Please compare the following two definitions:

Definition 1

A representation of a topological group $G$ in a vector space ${\mathbb{V}}$ over complex numbers is a continuous map $$ A\, :\quad G\times {\mathbb{V}}\longrightarrow{\mathbb{V}}\;\,,\qquad (g\,,\;v)\longmapsto A(g)\,v\;\,,\;\;\;\;\; g\in G\,,\;\;v\in{\mathbb{V}}\;\; \label{1}\tag{1} $$ with the following properties:

(1) $\;\; A\,$ is a group action;

(2) $\;\; A\,$ is linear, i.e. $$ A(g)\,(\alpha\, v+\beta)=\alpha\, A(g)\, v+ A(g)\, w\quad \mbox{for}\quad\forall g\in G\,,\;\; v,\; w\in {\mathbb{V}}\,,\;\; \alpha\in{\mathbb{C}}\,\;. $$

Definition 2

A representation of a topological group $G$ in a vector space ${\mathbb{V}}$ is a homomorphism of $ G$ into the group of invertible linear transformations of ${\mathbb{V}}$: $$ A\,:\quad G\longrightarrow GL({\mathbb{V}})\;\,. \label{2}\tag{2} $$

$$ \, $$ Definition 2 $\;\;\Longrightarrow\;\;$ Definition 1,

Indeed, the $A$ from Definition 2 is linear and ensures $\,(g\,,\;v)\longmapsto A(g)\,v\,$.

Also, Definition 2 says that $A$ is a homomorphism $-$ which guarantees the continuity of $\,(g\,,\;v)\longmapsto A(g)\,v\;$ in Definition 1.


To show that Definition 1 $\;\Longrightarrow\;$ Definition 2, we must demonstrate that Definition 1 ensures \eqref{2} being a homomorphism.

How to do this?

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    $\begingroup$ Are you assuming that $\Bbb{V}$ is a vector space over the real numbers, or maybe the complex numbers? (If not then neither of your definitions gives enough information about the topologies involved.) $\endgroup$
    – Rob Arthan
    Commented Mar 1, 2021 at 1:01
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    $\begingroup$ Definition 2 is not equivalent to Definition 1 unless we put a topology on $\text{GL}(V)$ and insist that the map be continuous. In particular, I disagree with the implication that you wrote. $\endgroup$
    – hunter
    Commented Mar 1, 2021 at 1:03
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    $\begingroup$ I think you should try to separate your thoughts about the algebraic content of your problem and its topological content. You don't need any topological reasoning to show that the algebraic part of Definition 1 implies the algebraic part of Definition 2. $\endgroup$
    – Rob Arthan
    Commented Mar 1, 2021 at 1:08
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    $\begingroup$ @RobArthan I see that I am confusing homomorphism with homeomorphism! $\endgroup$ Commented Mar 1, 2021 at 1:21
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    $\begingroup$ The algebraic property of being a group homomorphism has nothing to do with topology. I think you may be mixing up "homomorphism" with "homeomorphism" (an easy mistake to make, in this context). $\endgroup$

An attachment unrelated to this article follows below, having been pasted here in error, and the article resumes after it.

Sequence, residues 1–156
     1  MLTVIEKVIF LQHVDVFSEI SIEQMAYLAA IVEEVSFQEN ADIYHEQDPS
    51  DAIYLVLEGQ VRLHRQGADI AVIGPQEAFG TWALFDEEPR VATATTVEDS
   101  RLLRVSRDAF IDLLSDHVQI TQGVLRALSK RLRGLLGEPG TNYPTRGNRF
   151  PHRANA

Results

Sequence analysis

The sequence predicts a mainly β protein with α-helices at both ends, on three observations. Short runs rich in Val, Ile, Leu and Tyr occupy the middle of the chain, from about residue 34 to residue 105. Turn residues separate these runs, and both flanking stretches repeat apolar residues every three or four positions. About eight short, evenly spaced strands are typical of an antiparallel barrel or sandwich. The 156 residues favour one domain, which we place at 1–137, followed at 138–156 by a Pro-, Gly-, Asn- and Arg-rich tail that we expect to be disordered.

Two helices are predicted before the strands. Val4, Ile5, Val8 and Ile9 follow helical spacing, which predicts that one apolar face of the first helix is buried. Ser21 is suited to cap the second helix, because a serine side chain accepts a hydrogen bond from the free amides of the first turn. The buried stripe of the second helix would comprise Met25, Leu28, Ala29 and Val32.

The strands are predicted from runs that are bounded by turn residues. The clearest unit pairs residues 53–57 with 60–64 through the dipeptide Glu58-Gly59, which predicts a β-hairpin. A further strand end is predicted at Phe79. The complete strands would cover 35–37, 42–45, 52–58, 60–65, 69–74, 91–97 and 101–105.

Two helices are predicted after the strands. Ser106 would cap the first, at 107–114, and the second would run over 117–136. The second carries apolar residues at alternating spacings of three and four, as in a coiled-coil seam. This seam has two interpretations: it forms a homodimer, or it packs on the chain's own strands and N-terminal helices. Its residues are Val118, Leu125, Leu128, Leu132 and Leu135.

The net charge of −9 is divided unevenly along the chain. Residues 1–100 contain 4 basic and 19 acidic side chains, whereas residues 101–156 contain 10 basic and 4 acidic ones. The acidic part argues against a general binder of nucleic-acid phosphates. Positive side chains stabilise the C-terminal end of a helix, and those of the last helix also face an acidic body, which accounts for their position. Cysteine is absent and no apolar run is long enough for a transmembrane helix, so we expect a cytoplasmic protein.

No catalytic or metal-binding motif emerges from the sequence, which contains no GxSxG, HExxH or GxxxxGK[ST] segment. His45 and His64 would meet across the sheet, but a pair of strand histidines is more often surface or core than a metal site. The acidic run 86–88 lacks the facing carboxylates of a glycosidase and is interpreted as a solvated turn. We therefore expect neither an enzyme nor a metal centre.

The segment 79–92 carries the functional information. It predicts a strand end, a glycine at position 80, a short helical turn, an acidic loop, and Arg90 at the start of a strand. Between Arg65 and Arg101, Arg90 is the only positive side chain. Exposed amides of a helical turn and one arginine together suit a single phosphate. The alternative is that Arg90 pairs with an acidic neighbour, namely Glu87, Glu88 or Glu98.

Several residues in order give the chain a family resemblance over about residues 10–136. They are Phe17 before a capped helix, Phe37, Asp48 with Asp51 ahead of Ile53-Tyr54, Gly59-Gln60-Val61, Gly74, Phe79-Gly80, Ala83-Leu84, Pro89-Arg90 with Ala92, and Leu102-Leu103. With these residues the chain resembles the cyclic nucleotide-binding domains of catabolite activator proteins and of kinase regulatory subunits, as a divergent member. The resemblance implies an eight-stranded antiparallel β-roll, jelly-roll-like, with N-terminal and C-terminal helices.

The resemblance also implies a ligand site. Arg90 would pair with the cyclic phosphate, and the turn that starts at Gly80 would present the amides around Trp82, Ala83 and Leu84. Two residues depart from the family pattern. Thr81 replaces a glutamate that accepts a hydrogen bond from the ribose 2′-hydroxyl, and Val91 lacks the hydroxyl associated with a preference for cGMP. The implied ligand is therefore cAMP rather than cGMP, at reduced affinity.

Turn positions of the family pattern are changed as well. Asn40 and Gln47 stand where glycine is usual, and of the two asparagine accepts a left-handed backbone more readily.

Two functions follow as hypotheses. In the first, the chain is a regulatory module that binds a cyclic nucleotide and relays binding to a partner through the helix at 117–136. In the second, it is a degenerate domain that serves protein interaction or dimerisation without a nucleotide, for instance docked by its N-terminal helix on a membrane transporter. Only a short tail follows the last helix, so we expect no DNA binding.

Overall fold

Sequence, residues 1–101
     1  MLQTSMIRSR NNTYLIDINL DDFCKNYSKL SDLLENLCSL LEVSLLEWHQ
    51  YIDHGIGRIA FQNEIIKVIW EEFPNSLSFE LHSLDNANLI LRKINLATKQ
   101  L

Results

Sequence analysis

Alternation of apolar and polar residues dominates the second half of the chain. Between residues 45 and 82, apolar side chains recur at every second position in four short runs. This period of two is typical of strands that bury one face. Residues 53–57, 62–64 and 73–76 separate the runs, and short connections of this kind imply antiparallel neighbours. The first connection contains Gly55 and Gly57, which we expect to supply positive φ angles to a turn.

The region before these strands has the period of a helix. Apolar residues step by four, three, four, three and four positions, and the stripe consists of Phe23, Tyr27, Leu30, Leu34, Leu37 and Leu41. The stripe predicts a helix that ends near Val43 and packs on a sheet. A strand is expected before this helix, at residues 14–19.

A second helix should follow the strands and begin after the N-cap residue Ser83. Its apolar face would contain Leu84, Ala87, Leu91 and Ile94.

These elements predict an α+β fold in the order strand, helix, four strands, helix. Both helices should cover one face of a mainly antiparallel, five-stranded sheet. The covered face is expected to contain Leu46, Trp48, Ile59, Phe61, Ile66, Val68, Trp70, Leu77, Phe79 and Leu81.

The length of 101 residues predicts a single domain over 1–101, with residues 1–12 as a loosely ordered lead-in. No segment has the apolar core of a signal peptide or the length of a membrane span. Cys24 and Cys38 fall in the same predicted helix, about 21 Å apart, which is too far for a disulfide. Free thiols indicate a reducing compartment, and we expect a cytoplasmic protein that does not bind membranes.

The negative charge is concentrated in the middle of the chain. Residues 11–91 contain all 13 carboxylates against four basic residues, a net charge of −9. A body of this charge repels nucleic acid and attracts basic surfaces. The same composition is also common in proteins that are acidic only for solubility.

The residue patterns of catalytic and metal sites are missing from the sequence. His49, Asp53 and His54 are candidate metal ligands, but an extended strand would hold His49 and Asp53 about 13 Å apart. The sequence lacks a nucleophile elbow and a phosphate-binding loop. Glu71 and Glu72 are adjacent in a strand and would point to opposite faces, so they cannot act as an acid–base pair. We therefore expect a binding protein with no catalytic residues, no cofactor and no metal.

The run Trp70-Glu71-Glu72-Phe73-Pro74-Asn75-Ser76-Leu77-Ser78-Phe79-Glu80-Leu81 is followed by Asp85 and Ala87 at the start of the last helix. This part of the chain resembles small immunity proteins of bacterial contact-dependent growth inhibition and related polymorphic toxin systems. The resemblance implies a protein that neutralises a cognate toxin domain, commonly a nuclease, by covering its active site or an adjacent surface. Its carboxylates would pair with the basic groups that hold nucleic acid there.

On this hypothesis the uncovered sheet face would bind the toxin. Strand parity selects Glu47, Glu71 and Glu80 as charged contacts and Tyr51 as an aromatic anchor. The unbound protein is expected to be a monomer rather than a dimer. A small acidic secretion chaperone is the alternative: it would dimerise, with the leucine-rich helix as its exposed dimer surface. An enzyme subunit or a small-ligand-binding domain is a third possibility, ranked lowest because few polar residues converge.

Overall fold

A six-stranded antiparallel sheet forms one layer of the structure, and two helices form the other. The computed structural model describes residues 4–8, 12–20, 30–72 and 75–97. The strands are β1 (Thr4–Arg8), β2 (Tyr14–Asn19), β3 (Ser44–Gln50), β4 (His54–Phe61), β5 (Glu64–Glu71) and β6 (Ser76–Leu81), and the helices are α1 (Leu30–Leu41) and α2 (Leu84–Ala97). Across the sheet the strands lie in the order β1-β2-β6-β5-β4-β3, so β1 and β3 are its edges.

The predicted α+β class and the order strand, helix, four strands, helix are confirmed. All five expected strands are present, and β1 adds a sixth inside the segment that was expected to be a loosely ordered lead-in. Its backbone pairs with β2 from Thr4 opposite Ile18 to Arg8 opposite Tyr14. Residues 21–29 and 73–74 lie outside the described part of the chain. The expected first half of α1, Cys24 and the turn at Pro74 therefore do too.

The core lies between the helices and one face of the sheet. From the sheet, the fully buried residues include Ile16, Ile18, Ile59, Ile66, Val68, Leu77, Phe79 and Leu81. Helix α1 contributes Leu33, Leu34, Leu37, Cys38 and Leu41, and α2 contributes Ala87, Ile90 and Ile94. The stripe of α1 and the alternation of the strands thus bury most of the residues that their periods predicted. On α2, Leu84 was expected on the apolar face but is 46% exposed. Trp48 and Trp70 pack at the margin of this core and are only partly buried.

– Rob Arthan
    Commented Mar 1, 2021 at 1:24

1 Answer 1


Actually, a group action by $G$ on a set $X$ is equivalent to a group homomorphism $\psi: G\to \operatorname{Aut}(X)$, where in this case automorphisms are bijections of the set with itself. Indeed, the group action can be thought of as $\alpha:G\times X\to X$ such that $\alpha(hg,x)=\alpha(h,\alpha(g,x))$ etc. This is equivalent to $\psi(hg)=\psi(h)\circ \psi(g)$ where $\psi(g)(x)=\alpha(g,x)$. $\alpha(e_G,x)=x$ for all $x\in X$ is equivalent to $\psi(e_G)=\operatorname{Id}_X$. These are good facts to check carefully yourself as an exercise in the definitions (also usually in any algebra text).

So, definition (1) already gives us a group homomorphism $G\to \operatorname{Aut}^{\operatorname{Sets}}(V)$. A priori, the codomain on the right is self-bijections. However, the requirement that $G$ act linearly means that $G$ maps into $\operatorname{GL}(V)\subsetneq \operatorname{Aut}^{\operatorname{Sets}}(V)$. The continuity of the action stipulated in definition (1) then implies that as a map $G\to \operatorname{GL}(V)$ it is continuous, where $\operatorname{GL}(V)$ is viewed as a topological group.

  • $\begingroup$ I agree that the continuity of action in Definition 1 makes the map $G\longrightarrow GL(V)$ continuous. Does it also make it homomorphism? $\endgroup$ Commented Mar 1, 2021 at 1:18
  • $\begingroup$ The continuity is unrelated to it being a homomorphism in some sense. As a stupid example, take $\Bbb{C}^\times$ viewed as $G=\operatorname{GL}(1,\Bbb{C})$. Then we can cook up all sorts of continuous maps of groups into $G$. This does not mean the actions are linear. For instance, we could send $S^1$ to $\{z:\lvert z\rvert=2\}$. This does not send the identity of $S^1$ to the identity element of $G$, but it sure is continuous. It is really the algebraic data of being an action that guarantee that we have a homomorphism. $\endgroup$ Commented Mar 1, 2021 at 1:18
  • $\begingroup$ I see that I am confusing homomorphism with homeomorphism. Thank you! $\endgroup$ Commented Mar 1, 2021 at 1:22
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    $\begingroup$ The question here though is whether or not continuity guarantees homomorphism which is very false. $\endgroup$ Commented Mar 1, 2021 at 1:25
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    $\begingroup$ Great. I should mention that in my longer comment above that I made a mistake: the map fails to be a group homomorphism but is valued in linear automorphisms of $\Bbb{C}$. $\endgroup$ Commented Mar 1, 2021 at 1:54

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